This was recently reported by Variety.
“DreamWorks Animation chief Jeffrey Katzenberg thinks the windowing model of feature films will become a “pay by the inch you watch.” During the Entrepreneurial Leadership in the Corporate World panel at the Milken Global Conference in Beverly Hills, Katzenberg explained what he thinks is the future of scheduling and distributing feature films.
“I think the model will change and you won’t pay for the window of availability. A movie will come out and you will have 17 days, that’s exactly three weekends, which is 95% of the revenue for 98% of movies. On the 18th day, these movies will be available everywhere ubiquitously and you will pay for the size. A movie screen will be $15. A 75” TV will be $4.00. A smartphone will be $1.99. That enterprise that will exist throughout the world, when that happens, and it will happen, it will reinvent the enterprise of movies,” he told the crowd.”
Katzenberg is right that the current windowing release model will collapse and movies will be available everywhere ubiquitously either concurrently with a movie’s theatrical release or very soon thereafter. That has already started to happen with independent releases.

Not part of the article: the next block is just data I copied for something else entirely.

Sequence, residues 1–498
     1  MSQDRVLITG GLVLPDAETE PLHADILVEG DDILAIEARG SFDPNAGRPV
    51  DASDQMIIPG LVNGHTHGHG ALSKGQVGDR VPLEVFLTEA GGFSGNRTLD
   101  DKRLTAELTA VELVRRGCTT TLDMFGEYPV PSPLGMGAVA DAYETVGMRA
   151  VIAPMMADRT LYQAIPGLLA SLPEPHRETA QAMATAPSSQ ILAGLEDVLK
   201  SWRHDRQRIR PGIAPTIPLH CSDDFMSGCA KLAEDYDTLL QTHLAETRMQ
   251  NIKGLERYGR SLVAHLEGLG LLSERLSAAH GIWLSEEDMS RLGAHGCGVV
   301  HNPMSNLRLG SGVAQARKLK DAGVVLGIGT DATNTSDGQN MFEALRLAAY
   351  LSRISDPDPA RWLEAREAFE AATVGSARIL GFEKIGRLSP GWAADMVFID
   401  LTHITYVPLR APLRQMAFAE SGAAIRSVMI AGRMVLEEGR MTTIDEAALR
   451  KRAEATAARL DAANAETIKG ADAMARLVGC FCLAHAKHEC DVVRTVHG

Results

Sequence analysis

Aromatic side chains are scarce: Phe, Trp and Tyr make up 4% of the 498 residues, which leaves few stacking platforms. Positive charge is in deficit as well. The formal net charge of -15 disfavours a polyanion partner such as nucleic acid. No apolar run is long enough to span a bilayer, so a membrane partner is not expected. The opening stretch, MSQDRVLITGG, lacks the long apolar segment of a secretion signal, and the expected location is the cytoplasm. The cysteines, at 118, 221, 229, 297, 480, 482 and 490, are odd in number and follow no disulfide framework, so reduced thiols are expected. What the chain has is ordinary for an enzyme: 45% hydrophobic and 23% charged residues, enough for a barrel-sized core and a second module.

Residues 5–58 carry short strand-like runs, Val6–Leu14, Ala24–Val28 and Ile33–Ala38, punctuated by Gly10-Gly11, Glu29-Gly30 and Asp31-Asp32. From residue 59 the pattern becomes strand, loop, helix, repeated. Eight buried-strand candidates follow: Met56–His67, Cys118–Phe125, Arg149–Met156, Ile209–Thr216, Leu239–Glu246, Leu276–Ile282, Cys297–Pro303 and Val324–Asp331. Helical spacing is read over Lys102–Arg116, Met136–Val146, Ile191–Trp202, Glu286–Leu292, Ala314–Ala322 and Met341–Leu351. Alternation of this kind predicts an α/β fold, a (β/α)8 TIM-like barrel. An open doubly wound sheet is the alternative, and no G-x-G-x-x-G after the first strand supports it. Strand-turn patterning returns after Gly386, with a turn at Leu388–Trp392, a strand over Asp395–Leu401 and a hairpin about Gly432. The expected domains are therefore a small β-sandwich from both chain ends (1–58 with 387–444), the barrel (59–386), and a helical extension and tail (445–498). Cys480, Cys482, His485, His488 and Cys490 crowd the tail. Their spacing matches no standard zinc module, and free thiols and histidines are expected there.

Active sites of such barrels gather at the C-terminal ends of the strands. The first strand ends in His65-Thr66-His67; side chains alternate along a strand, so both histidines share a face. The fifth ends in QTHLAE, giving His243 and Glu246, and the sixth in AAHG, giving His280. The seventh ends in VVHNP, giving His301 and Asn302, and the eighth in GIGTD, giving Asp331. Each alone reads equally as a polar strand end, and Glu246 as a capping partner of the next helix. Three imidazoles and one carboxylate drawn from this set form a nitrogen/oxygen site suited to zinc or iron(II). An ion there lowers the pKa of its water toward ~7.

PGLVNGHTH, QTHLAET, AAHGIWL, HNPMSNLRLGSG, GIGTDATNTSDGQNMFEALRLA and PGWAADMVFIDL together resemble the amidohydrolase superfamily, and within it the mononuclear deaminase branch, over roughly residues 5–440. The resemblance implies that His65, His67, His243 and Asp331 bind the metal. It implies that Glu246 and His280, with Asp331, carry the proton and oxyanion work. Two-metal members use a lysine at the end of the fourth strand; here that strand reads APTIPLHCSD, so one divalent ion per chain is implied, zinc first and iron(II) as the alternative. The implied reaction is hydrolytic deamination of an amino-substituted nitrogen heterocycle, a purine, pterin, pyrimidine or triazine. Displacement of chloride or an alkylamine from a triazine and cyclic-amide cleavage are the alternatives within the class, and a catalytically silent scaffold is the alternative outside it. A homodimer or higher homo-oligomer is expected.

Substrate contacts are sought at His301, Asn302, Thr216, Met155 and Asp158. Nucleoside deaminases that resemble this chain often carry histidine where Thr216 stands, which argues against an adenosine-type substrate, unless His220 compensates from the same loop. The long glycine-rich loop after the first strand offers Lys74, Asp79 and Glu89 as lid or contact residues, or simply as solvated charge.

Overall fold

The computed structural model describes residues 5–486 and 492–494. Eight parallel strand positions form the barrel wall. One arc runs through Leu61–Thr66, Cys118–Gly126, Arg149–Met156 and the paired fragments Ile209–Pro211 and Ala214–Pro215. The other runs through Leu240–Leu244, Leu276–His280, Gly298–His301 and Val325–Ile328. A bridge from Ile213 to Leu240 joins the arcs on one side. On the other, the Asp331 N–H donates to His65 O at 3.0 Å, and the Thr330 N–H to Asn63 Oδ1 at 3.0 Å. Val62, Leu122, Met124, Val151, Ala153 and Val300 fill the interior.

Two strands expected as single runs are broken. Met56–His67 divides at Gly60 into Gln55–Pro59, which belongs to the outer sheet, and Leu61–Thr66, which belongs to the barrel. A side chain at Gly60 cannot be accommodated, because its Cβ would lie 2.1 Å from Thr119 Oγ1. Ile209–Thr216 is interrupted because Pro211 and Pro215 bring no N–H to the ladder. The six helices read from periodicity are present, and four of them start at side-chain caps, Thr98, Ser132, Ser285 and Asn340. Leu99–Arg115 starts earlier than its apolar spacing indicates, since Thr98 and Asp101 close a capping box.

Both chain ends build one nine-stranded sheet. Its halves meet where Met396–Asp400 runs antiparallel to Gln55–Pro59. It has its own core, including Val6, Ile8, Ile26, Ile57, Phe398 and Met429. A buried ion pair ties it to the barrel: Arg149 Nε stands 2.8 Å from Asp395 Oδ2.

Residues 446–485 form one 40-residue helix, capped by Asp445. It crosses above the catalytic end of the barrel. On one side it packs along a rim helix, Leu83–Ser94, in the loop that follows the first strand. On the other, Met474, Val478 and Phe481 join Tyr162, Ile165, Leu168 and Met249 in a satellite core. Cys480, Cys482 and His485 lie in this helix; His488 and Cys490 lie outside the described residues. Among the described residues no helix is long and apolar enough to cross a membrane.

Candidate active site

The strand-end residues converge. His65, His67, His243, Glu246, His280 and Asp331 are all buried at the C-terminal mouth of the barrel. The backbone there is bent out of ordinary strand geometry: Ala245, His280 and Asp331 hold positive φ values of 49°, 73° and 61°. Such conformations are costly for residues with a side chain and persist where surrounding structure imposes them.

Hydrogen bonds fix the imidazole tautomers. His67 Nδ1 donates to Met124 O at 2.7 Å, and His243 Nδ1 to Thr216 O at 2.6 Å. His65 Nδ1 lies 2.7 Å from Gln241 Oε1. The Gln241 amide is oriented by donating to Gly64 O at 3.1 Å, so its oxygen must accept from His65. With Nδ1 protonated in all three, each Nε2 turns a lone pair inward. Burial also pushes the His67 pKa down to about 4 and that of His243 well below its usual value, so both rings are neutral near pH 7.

He is wrong that people will pay more based on the size of the digital screen.
Mr. Katzenberg needs to understand his own customers.
If you are a subscriber to Netflix you can watch on any screen of any size for the same monthly price. There is no additional charge to see Netflix on your TV.
It is more expensive to see a movie in a theater because of the real estate costs associated with owning and maintaining a large physical property. We also get to experience the movie on a very large screen. As filmgoers we understand this.
The world of digital is completely different. Here, the costs are much lower and will continue to decline. A movie studio can deliver me a movie over the Internet more cheaply today than 5 years ago, and will be able to do so more cheaply 5 years from now.
I decide to watch a movie on my TV, my laptop, my tablet or my smart phone based on a number of different factors just as many other consumers do. Time of day, convenience, whether I am viewing it with others or by myself, the list goes on.
And I know that the cost of delivering the movie to me on each one of these digital screens is the same for the company that delivers it.
Why should I pay more?
Consumers will not take kindly to any movie studio that decides to charge them more to watch on their TV than on their phone because it will try to break (and therefore ignore) the habits that we have already developed. Habits we fully embrace.
Netflix created simplicity for its customers by making sure they could watch on any screen at any time at one price. They have set the bar for all others—including the movie studios.
If movie studios want to innovate their business model, they must be ahead of the digital curve-not behind it.
As they say, the horse is already out of the barn.
They might as well face it.